Leah and I rode our bikes today down Mt. Auburn Street out to the Watertown line, because we'd just for the first time in our lives tried za'atar--a Middle Eastern spice blend of a wild herb in the thyme family, with sesame seeds and other goodies--at the Ana Sortun cooking demo, and we were hooked. Sortun had talked about spice combinations and spice cravings--how when we say we want Indian food, what we really want is a spice combination.
And za'atar, she said, is going Doritos fast. She'd seen Mario Batali and Daniel Boulud with it, and za'atar has no obvious connection or place in French or Italian cooking, so if Batali and Boulud were doing it, she pressed us, we needed to go get ourselves some za'atar while we were still ahead of the bandwagon.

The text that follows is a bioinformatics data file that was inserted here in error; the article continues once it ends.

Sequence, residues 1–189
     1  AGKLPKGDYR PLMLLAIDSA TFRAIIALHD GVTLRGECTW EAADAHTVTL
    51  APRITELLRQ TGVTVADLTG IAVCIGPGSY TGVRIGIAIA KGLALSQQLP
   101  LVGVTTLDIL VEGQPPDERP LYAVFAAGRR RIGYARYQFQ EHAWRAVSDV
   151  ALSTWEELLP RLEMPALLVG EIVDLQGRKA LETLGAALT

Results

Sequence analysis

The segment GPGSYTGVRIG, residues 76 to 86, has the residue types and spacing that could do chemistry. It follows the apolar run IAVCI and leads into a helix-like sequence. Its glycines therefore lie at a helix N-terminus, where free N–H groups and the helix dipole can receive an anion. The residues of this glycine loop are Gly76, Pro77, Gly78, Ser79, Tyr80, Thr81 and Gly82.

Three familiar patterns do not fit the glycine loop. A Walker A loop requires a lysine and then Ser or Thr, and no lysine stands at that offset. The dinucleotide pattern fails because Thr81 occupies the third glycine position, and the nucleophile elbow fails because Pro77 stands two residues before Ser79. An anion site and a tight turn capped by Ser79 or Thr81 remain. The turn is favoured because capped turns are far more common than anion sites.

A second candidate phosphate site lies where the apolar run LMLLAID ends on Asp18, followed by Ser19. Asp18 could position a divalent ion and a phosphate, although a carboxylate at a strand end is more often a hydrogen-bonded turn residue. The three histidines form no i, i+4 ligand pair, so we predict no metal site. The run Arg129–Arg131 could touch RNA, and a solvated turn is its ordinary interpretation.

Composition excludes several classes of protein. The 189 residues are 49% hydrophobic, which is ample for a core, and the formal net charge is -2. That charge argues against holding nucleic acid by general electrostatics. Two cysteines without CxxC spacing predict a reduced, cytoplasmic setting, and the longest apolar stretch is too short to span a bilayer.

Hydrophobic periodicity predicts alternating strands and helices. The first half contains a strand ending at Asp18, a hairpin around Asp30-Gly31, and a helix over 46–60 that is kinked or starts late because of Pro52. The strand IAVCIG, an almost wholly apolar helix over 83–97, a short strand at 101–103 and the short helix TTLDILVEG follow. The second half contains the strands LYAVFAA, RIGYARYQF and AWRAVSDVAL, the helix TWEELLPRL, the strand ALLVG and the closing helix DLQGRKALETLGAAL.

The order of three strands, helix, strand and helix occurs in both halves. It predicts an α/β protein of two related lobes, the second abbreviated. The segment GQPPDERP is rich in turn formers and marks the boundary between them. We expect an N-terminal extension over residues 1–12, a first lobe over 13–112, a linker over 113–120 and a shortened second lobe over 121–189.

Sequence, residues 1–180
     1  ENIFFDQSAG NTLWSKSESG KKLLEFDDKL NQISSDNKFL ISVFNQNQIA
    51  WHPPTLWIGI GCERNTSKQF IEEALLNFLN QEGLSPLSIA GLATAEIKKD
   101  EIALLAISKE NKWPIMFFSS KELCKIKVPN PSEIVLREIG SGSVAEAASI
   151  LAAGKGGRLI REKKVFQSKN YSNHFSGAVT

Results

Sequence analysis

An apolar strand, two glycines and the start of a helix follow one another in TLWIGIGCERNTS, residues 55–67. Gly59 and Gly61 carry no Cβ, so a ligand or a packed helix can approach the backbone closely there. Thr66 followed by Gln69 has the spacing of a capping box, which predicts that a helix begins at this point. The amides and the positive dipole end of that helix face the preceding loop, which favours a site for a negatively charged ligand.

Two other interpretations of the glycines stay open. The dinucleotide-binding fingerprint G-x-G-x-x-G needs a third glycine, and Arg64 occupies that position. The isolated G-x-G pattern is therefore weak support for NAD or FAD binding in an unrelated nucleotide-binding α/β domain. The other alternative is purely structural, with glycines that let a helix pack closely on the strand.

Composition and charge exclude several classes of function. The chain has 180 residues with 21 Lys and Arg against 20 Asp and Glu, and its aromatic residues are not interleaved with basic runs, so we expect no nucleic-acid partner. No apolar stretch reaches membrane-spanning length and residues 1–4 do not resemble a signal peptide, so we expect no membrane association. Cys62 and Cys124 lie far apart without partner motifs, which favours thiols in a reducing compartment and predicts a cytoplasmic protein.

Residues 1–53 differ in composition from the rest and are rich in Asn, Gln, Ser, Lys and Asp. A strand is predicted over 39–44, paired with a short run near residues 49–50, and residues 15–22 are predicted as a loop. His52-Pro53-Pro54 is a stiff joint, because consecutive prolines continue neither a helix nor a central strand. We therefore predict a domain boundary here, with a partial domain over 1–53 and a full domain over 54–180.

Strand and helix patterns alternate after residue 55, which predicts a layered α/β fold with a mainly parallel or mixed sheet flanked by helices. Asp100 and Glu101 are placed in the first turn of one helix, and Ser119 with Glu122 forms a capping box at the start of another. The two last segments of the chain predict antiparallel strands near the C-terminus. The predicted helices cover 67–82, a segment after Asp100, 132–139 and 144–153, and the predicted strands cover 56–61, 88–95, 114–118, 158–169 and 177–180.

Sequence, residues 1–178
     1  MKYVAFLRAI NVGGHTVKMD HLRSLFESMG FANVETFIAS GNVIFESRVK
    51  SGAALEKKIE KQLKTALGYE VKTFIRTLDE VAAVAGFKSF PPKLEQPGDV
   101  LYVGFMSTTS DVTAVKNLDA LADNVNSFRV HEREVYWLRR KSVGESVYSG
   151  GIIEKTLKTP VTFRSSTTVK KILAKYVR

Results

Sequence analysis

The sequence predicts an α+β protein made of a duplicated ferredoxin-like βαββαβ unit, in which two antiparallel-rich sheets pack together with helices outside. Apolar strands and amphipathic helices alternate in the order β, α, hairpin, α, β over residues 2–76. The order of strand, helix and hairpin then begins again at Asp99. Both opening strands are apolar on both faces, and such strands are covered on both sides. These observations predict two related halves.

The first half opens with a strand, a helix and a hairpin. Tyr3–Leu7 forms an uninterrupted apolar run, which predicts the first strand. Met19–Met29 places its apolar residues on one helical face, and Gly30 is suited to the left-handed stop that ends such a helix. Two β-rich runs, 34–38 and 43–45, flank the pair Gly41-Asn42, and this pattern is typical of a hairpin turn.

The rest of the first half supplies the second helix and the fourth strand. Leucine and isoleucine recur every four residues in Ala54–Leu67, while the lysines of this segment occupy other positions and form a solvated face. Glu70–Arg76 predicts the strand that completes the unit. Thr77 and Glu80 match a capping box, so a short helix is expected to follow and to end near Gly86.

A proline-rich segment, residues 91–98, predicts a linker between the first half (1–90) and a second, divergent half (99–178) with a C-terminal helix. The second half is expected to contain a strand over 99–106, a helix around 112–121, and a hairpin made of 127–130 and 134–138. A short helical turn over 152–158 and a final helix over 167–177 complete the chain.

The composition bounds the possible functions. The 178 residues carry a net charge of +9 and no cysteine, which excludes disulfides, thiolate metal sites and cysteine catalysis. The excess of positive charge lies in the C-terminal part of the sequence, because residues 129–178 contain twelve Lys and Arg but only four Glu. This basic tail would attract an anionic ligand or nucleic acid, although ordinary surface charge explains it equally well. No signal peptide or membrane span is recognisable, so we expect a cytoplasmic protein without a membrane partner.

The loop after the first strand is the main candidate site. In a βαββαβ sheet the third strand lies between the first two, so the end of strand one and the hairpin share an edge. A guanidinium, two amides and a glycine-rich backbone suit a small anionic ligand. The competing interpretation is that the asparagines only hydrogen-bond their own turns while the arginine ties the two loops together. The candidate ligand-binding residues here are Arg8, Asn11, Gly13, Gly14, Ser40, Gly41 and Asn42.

I'm not a fan of thyme, at least not in dessert and not when it's used overwhelmingly alone. So I wasn't too excited by za'atar's prospects.
But there we were, hunched on a stoop next to the post office, me with a bag of halwah, rose water, a giant baggie of za'atar, and za'atar bread, cramming the bread into our mouths with giant smiles and without talking.
If you ever go out here without me, she said. Just get me more...
We're eating at Oleana next week...which will be so much better now that we've seen chef Sortun in action and heard her talk about her cooking...kind of like a friend in the kitchen.
AND, she said, she's opening a bakery in the area next spring, so if I'm still cooking in Boston, I can hop on her bandwagon and bake mediterranean treats.